Meet the Velvets

samples of four velvets of different fiber composition

Velvet is always a fantastically period fabric choice for medieval and ren costuming, right? (Assuming, of course, that the character being costumed would have been allowed to wear velvet.) Annoyingly well legislated social norms to one side, velvet is great, isn’t it?  Well, sadly, no… Not all velvets are created equally.

Ok, that was a lie.  There’s only so many ways to weave a fabric with little stick-sie up-sie fibers. For those who like the technical terms, we’re talking about a “pile fabric”, which comes to us from the latin root pilius or hair. My trusty-rusty textile sciences text (Textiles, 9th Ed.) goes farther, stating that velvet is a fabric with a pile height of 1/16″ or less, and lists two major methods for its manufacture.  (207-210)

Pile fabrics can be woven with long surface floats that are cut and brushed up after weaving. Think of the back of a piece of brocade, where all the threadies hang out – if you cut those all and brushed them up, you’d have a pretty cool velvet going. Of course, if you did this, the resulting cloth would fall apart the first time someone looked at it cross-eyed – to make a pile fabric this way requires two sets of filling (weft) threads: one to cut and brush, and one to give structural stability to the cloth.  This class of pile fabrics, which includes corduroy, are known as filling-pile fabrics.

The second type of pile fabrics use an extra set of warp threads.  For the non-weavers in the audience, warp threads are the first ones out on to the loom. Weft threads are then woven between the warp threads to create fabric. In the case of warp-pile fabrics, one set of warp threads contributes structure and integrity to the cloth.  The second set will create the velvety goodness.

Modern, plain velvets are made with the double-cloth method.  This requires a special loom where two pieces of cloth are literally being woven at the same time, one right above the other.  The second set of warp threads is shared by the two pieces of cloth, running up and down between them.  When weaving is completed, the fabrics are carefully cut apart, splitting the secondary warp threads and yielding two pieces of sumptuously fuzzy delight.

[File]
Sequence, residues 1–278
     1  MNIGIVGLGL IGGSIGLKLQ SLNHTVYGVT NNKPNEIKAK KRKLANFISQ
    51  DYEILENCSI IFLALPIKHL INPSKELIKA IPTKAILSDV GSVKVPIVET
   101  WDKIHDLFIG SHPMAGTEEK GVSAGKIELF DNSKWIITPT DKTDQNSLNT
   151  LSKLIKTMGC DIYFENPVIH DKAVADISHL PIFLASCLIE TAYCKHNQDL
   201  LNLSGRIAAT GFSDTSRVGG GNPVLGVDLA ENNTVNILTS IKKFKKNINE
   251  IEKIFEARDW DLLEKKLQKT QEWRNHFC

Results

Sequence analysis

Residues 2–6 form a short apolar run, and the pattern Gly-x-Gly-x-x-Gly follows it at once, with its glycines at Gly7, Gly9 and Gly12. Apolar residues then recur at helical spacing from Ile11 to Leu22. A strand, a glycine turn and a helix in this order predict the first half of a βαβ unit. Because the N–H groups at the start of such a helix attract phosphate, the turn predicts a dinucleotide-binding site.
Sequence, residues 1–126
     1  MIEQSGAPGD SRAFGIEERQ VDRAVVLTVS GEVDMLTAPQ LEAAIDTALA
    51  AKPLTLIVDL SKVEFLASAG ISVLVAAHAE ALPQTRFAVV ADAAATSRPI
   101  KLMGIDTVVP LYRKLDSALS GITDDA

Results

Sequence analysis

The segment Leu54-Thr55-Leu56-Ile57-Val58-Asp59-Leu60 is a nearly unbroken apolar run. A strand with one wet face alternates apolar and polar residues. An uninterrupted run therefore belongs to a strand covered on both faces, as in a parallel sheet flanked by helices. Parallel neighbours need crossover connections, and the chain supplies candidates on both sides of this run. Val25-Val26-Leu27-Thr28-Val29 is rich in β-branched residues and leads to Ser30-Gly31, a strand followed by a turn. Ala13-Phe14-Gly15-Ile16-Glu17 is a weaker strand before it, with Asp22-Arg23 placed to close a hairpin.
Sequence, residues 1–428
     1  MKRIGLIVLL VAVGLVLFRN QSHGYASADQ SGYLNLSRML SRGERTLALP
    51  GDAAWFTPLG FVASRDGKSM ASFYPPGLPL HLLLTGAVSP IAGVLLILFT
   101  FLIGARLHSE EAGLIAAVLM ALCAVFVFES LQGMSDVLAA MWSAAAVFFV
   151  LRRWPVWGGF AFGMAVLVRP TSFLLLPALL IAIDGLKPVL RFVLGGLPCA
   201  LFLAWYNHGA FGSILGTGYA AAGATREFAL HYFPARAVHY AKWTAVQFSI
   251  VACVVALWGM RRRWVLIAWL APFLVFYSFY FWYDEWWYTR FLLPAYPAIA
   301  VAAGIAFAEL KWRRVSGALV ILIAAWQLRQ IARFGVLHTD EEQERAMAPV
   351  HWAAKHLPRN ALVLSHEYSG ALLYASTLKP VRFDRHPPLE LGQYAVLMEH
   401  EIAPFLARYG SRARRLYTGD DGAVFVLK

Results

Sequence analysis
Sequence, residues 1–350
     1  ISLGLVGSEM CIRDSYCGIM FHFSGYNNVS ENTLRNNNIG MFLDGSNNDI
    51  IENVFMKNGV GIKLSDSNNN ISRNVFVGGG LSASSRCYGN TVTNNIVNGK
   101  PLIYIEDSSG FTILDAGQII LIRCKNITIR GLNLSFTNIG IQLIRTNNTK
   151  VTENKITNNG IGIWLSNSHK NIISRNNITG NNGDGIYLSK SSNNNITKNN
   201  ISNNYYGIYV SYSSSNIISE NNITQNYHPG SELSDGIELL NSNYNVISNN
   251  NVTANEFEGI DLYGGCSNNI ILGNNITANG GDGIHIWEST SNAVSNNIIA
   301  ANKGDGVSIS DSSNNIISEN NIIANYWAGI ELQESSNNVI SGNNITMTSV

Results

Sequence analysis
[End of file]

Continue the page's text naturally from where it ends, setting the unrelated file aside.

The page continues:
Warp-pile fabrics can also be woven as a single layer, by warping over wires to create loops in the secondary warp.  These loops can be cut or uncut (or some of each), and voided (non-loopy/non-fuzzy) areas can be created in the pattern as well.  If you want a multi-color, multi-height, crazy cut, looped and voided velvet, this is your method.  (Bonus – this “over-wire” method doesn’t require a special loom, or special weaving once it’s set up. This method is, I suspect, very old and explains some of those fabulous textiles you see in paintings.)

Pile fabrics can also be made through a nifty trick involving loom tension: while weaving, the tension on the warp threads is periodically reduced, allowing loops of warp to form when the filling weave is beaten back.  This allows weavers to create things like terry-cloth, which has a pile on both sides. Frankly, I have a hard time envisioning in civilization without big fluffy towels, so I think this slack-tension weaving is pretty grand.

Next: Velvets of Different Fibers

3 Comments

  1. It’s interesting that you should post such an article as I have been noticing of late the shine of fabrics portrayed in portraits of the Renaissance period. You can definitely tell the difference between the satin/silk/taffeta shine (or the “thinner” fabrics) and velvet shine mostly based on how they lay on the wearer. An example from Bella’s website: http://realmofvenus.renaissanceitaly.net/wardrobe/LicinioWWBook.jpg

    I’ve seen more, but my 15 min break at work just ran out! :

    1. Yeah…. I’ve thought for a while that those velvets were awfully shiny, but it’s sort of apocrypha to mention in some circles… But then I had my hands on a real, live, bonafide sample, and I thought I could probably back the claim up. ;) Thanks for sharing the link, Mo!

Leave a Reply

Your email address will not be published. Required fields are marked *

This site uses Akismet to reduce spam. Learn how your comment data is processed.